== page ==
ISLAMABAD: Four months have passed since the National Assembly (the lower house) of Pakistan came into existence, but its standing committees have not started functioning because the government is yet to finalise names of their chairpersons. It is because of the absence of functional standing committees that the government has so far failed to get even a single law passed by the assembly and has also failed to initiate the parliamentary process of financial accountability through the Public Accounts Committee. Sources said officials of the National Assembly Secretariat had been awaiting a green signal from the speaker for over a month to convene meetings of the committees for the election of the chairpersons.
The new adviser to the PPP parliamentary groups, Izhar Amrohvi, said it appeared that the ruling party was unable to finalise the names of the chairpersons due to internal rifts.
More security for Zardari
KARACHI: Former president Asif Ali Zardari was yesterday granted permission to strengthen his already tight personal security due to threats to his life. A judge in Sindh High Court in Karachi approved Zardari’s application for 100 extra licences for his bodyguards to carry weapons, on top of the official security he is entitled to as former head of state. “The judge has approved our request and ordered the federal and provincial governments to ensure security for the former president,” Abu Bakar Zardari, an aide to the president who filed a petition to the court on his behalf, said. Zardari’s wife, former prime minister Benazir Bhutto, was assassinated in 2007 in an attack blamed on the Pakistani Taliban. He is known to be very concerned about his personal safety and rarely moves about on the roads. When he does venture out, he travels in an entourage of more than a dozen vehicles, escorted by police commandos and three vanloads of paramilitary Rangers. His convoy also regularly includes an ambulance and a vehicle carrying signal jammers to stop anyone using a mobile phone to detonate a bomb near him. In July a suicide bomber killed Zardari’s top personal security officer in an attack in Karachi. Zardari, who is hugely unpopular in Pakistan and is nicknamed “Mr 10 Percent” due to unproven corruption allegations against him, stepped down as president last month after five years in office.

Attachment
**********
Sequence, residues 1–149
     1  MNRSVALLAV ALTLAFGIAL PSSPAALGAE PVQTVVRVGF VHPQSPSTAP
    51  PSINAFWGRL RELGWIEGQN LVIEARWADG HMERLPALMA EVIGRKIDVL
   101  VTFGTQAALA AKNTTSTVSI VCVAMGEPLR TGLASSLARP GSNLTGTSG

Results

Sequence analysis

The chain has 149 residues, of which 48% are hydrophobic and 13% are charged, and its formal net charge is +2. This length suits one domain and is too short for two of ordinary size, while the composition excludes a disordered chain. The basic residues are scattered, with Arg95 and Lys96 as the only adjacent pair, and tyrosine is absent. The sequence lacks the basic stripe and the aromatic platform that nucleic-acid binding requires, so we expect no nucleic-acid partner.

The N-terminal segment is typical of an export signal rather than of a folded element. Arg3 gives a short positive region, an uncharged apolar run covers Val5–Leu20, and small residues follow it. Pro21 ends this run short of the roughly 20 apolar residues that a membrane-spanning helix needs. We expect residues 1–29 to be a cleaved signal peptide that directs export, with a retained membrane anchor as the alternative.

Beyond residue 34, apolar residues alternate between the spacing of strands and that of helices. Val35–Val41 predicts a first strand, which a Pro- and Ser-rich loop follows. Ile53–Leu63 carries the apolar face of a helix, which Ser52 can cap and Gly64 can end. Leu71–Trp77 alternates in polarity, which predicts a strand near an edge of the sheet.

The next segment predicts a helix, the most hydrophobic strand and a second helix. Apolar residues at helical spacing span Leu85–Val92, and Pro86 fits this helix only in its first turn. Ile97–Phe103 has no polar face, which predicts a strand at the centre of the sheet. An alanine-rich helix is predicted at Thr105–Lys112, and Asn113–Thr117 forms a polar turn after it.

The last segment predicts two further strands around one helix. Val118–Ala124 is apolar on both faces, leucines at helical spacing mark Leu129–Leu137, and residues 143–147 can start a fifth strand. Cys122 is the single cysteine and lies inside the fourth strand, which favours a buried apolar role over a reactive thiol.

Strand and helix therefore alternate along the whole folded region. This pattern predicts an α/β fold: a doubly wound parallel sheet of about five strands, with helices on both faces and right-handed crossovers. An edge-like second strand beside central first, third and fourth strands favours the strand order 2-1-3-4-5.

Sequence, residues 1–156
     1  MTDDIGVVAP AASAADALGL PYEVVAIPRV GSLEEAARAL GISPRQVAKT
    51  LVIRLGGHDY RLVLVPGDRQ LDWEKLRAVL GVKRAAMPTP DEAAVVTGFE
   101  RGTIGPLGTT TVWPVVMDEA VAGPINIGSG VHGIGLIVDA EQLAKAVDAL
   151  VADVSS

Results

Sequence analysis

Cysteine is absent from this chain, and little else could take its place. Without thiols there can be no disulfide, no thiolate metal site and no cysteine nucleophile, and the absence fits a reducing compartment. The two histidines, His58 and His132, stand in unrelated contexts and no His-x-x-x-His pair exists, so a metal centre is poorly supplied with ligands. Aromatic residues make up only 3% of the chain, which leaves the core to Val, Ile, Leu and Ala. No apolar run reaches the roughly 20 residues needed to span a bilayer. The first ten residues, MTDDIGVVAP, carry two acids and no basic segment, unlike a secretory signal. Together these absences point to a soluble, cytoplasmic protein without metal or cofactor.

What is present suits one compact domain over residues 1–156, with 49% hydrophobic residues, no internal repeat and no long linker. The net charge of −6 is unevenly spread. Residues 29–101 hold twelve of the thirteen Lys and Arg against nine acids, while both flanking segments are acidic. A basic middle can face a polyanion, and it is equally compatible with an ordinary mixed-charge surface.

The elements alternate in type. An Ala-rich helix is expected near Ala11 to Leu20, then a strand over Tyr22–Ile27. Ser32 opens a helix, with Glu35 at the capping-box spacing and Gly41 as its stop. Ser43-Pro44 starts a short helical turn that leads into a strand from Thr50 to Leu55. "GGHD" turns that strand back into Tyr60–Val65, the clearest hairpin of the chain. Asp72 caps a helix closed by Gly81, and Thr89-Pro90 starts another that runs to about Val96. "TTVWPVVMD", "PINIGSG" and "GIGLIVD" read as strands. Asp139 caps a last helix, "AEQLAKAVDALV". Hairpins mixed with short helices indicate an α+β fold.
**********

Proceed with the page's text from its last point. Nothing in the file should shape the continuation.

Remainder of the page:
Oil price hike to hit food prices
KARACHI: Market traders have calculated at least five to 15 percent impact on imported essential food items following the increase in prices of petroleum products and persistent devaluation of rupee against the dollar since PML-N government took control from June 6, 2013. Over the past three months, oil prices have been revised upward thrice. Commodity dealers said the impact of devaluation and rising transportation cost of some items have been passed on to consumers depending on demand and supply situation. When Nawaz Sharif took charge, diesel was available at Rs105.7 per litre compared to its current price of Rs116.95. Overall petroleum products prices were raised by 10-15pc since June. Chairman, Karachi Wholesalers Grocers Association, Anis Majeed, said many traders of goods have become cautious in placing orders for imports due to uncertain rupee-dollar parity situation, making imports costlier.